Dermatomyositis is a rare autoimmune inflammatory disease. People with the condition experience a very distinctive skin rash, as well as muscle weakness and inflammation, and the tissues surrounding the muscles can be affected too. Although there isn’t currently a cure, the symptoms can usually be managed with medication, physiotherapy or another treatment.

It is not known what actually causes the condition to develop, but is one of three types of a condition called myositis (which means inflammation of the muscles).

Dermatomyositis can affect anyone, including children, but it is more common in women than men. The onset of the disease peaks between the ages of 5 to 15 in children and in adults, between their 40s to 60s.

If think you may have dermatomyositis, have a skin rash or are experiencing muscle weakness, should see a GP.

The first noticeable symptom of dermatomyositis is the distinctive skin rash, which is blue-violet, or red in colour, and patchy. In some people this can develop quite suddenly, whilst in others, the rash can develop over time.

It most commonly appears on your knees, toes, elbows, chest, back, eyelids, nose, cheeks, knuckles or nail cuticles. The rash may be itchy and can sometimes be painful. Lumps of hard tissue and calcium can also develop under your skin, though this is more common in children and is called calcinosis, and can be removed with surgery.

Muscle weakness is the second most common symptom, but it may not develop till a few weeks, or even months after the rash. You may first notice it in your hips, thighs, shoulders and the tops of your arms and neck, and it will get worse over time.

You may also have other symptoms, which include:

  • sore or painful muscles
  • Swelling around the affected areas
  • Weight loss (more so in adults than children)
  • Tiredness
  • Fever
  • Night sweats
  • Swallowing problems
  • Breathing problems, such as shortness or breath or aspiration (where you breathe in food or liquids) - this is usually linked to the swallowing problems the condition can cause.
  • Tiny red dots around your fingernails, which are leaky capillaries

You can also have the symptoms without experiencing any muscle weakness or pain, which is called amyopathic dermatomyositis.

Symptoms will vary from person to person - some people only have mild symptoms, while others can be severely affected by the condition.

The doctor will listen to the symptoms you have to see if they are associated with the condition. They will be able to assess any rash you have over video consultation. If they do believe you could have dermatomyositis, they will refer you for further testing.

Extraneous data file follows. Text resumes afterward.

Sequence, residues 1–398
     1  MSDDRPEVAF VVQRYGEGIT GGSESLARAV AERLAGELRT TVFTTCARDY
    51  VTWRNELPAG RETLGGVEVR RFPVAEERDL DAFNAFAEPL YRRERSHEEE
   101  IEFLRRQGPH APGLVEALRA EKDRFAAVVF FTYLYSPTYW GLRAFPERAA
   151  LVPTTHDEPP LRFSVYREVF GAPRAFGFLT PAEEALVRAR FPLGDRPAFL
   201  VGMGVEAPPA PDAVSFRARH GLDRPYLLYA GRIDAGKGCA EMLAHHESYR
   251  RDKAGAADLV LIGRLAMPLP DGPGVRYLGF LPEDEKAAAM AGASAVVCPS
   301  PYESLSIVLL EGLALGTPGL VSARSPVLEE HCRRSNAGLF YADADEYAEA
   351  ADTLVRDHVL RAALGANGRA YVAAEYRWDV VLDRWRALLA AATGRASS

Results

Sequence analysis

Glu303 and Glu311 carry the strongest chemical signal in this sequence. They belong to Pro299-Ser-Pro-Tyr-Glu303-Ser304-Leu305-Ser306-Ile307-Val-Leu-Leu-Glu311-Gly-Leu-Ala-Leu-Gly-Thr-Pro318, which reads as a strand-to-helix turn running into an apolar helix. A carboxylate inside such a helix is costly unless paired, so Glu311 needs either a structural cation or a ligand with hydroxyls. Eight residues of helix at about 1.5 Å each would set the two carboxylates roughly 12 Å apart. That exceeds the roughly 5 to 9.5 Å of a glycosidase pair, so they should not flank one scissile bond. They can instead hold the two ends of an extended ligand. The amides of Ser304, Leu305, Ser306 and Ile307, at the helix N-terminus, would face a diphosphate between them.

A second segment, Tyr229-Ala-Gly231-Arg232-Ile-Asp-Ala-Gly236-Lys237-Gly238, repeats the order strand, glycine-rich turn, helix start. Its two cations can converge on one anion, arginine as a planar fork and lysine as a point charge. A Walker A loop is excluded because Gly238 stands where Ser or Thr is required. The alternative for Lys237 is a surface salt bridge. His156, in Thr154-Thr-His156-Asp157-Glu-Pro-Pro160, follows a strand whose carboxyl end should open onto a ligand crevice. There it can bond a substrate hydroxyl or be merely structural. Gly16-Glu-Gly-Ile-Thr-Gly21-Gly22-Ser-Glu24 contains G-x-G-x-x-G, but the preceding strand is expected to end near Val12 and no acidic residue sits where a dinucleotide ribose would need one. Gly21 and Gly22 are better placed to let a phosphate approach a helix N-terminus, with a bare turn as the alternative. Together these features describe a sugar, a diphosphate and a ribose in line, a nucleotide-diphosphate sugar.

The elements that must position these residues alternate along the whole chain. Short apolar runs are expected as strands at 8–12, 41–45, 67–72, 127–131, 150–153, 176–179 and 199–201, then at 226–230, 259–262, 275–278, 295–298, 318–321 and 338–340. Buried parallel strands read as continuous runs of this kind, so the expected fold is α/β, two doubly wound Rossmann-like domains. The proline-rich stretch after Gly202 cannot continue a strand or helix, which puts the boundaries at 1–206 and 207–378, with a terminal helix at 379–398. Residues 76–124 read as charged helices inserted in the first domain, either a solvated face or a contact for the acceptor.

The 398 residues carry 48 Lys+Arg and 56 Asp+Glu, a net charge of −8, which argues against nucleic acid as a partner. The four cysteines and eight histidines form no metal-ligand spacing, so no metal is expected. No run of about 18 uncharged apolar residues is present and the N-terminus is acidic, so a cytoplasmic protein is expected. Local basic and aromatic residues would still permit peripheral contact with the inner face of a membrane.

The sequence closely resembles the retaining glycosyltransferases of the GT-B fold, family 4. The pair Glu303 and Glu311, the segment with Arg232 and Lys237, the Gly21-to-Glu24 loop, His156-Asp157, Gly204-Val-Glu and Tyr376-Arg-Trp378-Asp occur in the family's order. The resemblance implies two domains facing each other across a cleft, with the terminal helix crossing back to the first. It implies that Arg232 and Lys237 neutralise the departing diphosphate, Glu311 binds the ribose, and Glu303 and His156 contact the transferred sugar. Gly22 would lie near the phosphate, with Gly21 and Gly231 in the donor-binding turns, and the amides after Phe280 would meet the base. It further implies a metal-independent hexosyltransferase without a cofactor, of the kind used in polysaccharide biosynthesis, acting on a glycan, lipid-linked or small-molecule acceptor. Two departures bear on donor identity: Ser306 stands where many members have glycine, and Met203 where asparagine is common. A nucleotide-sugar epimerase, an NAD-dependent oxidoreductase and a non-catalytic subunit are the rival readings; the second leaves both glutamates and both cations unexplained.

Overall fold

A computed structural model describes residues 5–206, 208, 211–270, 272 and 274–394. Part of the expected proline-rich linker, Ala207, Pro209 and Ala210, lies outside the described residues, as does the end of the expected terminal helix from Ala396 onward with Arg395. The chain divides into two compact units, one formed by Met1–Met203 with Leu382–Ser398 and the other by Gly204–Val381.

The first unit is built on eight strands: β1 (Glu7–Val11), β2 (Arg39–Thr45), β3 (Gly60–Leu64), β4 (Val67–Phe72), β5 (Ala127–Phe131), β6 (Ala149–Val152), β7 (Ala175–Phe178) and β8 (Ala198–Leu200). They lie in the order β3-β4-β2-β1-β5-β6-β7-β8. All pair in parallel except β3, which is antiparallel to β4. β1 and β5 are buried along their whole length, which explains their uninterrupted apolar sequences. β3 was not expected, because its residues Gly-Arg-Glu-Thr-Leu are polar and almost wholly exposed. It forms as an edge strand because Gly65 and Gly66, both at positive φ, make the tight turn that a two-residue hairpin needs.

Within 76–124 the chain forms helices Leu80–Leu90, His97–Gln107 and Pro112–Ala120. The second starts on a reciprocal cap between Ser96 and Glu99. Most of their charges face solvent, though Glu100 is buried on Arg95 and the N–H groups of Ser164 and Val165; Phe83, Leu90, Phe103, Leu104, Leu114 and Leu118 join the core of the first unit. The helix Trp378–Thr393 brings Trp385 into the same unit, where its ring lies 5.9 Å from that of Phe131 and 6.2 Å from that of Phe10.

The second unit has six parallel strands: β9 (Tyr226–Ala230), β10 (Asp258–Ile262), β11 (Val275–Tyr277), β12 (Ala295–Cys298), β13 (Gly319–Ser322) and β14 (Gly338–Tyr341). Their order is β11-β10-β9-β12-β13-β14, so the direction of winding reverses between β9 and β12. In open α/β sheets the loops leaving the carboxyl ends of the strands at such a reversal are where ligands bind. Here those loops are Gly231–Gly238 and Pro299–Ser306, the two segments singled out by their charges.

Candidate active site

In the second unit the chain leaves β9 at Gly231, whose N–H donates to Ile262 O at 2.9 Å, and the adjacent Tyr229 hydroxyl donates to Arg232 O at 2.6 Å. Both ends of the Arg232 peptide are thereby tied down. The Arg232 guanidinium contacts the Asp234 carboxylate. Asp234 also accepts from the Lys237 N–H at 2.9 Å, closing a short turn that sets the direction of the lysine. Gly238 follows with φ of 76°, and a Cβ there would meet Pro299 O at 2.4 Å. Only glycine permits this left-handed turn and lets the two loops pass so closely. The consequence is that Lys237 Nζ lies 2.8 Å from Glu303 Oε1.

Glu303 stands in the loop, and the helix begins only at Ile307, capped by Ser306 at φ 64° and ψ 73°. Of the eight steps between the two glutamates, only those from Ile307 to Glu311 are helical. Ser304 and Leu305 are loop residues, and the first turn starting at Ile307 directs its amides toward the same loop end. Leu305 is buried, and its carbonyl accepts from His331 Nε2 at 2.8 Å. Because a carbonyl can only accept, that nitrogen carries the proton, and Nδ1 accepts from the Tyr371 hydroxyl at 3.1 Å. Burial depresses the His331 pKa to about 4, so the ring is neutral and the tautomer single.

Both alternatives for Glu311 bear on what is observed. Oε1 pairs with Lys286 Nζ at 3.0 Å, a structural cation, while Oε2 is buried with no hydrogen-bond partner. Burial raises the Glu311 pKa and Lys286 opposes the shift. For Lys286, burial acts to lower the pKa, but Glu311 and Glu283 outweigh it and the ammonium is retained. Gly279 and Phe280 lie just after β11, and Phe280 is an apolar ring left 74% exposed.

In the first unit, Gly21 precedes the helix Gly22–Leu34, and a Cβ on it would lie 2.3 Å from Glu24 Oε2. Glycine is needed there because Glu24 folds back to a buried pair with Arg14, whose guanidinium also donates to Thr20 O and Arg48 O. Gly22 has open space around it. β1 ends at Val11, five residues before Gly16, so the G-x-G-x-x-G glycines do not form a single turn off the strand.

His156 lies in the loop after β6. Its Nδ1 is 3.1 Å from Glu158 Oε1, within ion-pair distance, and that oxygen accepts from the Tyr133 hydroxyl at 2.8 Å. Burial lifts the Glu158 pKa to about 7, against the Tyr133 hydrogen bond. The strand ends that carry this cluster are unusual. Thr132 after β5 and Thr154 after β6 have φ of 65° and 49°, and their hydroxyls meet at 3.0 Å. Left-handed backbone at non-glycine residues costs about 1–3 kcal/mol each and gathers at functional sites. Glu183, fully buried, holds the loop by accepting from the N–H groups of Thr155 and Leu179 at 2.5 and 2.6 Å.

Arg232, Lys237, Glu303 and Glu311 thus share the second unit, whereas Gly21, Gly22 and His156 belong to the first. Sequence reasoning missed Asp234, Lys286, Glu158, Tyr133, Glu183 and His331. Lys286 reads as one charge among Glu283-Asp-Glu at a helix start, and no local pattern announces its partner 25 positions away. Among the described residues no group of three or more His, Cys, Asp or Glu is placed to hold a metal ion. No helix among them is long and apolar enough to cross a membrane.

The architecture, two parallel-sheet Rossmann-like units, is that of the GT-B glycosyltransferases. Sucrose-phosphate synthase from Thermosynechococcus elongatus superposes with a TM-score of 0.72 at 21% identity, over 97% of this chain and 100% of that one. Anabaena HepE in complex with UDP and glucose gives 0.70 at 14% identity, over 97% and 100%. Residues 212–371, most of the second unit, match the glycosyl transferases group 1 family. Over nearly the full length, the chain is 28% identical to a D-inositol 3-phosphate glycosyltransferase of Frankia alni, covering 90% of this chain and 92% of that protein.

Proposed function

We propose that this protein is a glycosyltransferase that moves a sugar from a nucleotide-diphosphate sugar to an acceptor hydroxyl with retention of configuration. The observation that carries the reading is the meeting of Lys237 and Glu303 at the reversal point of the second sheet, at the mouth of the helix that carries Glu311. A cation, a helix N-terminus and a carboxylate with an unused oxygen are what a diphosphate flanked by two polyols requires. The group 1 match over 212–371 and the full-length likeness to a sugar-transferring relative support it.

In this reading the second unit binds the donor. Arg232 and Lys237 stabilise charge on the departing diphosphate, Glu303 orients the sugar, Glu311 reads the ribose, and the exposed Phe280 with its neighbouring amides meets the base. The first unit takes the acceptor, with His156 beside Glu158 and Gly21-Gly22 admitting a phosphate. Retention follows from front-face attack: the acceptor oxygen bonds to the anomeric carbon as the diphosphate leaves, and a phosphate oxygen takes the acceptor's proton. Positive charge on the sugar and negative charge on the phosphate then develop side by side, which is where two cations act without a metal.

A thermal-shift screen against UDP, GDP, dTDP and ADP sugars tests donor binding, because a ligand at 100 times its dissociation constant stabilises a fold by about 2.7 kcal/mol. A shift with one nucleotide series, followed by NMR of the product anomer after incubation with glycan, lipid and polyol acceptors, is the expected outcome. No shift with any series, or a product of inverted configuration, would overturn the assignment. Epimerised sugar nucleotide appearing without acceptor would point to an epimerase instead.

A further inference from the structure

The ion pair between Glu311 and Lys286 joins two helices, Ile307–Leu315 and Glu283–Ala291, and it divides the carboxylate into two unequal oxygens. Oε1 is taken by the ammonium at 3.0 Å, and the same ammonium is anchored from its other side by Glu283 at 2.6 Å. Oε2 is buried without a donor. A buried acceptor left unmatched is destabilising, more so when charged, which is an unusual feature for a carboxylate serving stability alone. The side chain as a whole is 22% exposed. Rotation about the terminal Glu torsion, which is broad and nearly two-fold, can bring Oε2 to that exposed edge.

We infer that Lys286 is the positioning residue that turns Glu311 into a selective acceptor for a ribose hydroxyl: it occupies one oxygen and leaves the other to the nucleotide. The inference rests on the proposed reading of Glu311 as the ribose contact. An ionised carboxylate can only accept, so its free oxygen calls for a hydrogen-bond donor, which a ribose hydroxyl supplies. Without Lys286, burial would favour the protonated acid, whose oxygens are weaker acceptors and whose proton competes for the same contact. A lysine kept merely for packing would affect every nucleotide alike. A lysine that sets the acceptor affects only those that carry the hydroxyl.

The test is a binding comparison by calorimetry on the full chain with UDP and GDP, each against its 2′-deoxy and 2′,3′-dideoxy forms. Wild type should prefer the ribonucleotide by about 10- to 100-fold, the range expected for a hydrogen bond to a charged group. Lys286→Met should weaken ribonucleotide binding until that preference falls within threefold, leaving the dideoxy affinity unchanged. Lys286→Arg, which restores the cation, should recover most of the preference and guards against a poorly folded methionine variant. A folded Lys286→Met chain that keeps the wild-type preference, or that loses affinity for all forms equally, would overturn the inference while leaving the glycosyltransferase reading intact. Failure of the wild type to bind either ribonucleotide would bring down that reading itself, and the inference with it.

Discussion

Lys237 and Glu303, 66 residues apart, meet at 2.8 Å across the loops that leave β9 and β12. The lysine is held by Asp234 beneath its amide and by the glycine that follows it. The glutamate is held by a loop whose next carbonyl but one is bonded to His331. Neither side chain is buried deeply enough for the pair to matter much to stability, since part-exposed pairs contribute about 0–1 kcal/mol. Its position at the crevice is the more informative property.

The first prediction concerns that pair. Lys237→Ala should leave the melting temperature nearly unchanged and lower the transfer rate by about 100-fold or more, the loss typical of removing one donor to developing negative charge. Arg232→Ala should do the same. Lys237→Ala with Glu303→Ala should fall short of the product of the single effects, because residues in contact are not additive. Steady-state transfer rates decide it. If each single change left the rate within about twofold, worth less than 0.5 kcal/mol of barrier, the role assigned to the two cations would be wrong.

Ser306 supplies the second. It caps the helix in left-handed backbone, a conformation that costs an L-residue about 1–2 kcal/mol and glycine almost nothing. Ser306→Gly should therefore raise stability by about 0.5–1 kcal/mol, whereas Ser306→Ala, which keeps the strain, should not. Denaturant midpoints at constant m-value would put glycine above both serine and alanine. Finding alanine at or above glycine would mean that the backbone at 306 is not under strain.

The tests that the doctor may refer you for include:

  • Muscle biopsy - A sample of muscle tissue may be examined for inflammation, or any other problems.
  • Skin biopsy - A skin sample can be examined to look for changes caused by the disease
  • Blood tests - to check the levels of auto-antibodies and muscle enzymes, which can mean that your muscles have been damaged
  • Electromyography (EMG) - this can record your body’s electrical impulses, which control your muscles to let the specialist see if any of your muscles are showing signs of damage
  • MRI - A magnetic resonance imaging scan can check your whole body for any muscle abnormalities and inflammation
  • X-ray - the condition can be linked to lung damage, so you may have a chest X-ray to check for any signs of damage

If you have a skin rash and/or muscle weakness then it is a good idea to see a doctor. If you are diagnosed with the condition, treatment can help you manage it, although there currently is not a cure. Dermatomyositis treatment may include:


Physiotherapy can help to preserve or even improve your muscle strength. When symptoms are severe, exercise is not recommended, though it is important to keep your muscles moving.

Corticosteroid medication (steroids)

This is the usual way dermatomyositis is treated. Creams can be applied to the rash, and tablets can be used to help with muscle weakness. Injections may also be used.

Corticosteroids reduce inflammation and suppress your immune system’s response, in-turn lowering the amount of the antibodies in your body. They can have side effects though, so should not be taken in high doses for a long period of time. You’ll usually be prescribed a higher dose to start with, and the doctor will then reduce the dose as quickly as they can to try to prevent any side effects occurring.

Intravenous immunoglobulin therapy

This is usually only used for severe cases of dermatomyositis where your breathing or swallowing is being affected.

Intravenous immunoglobulin therapy (IVIG) injects healthy antibodies into your body that block your own antibodies, which are attacking your muscles and skin. These good antibodies are administered through an IV, using donated blood.

Disease modifying anti rheumatic drugs

Disease modifying anti rheumatic drugs (DMARDs) can be used when muscle weakness is particularly bad. These reduce inflammation by suppressing your immune system.

Biological therapy

If you and your dermatomyositis do not respond to immunosuppressants and steroid medications, then biological therapies may help. They block the process of inflammation in your body.

You may be prescribed one, or a number of these treatments depending on how dermatomyositis affects you. Usually, the condition responds well to treatment, though you may need to be on medication, or a treatment plan, for the rest of your life.

You can see a GP about dermatomyositis at a time that suits you. Our doctors are available 7 days a week and can offer you the advice you may need. They can refer you to a specialist for further investigation or treatment. Book an appointment online today.

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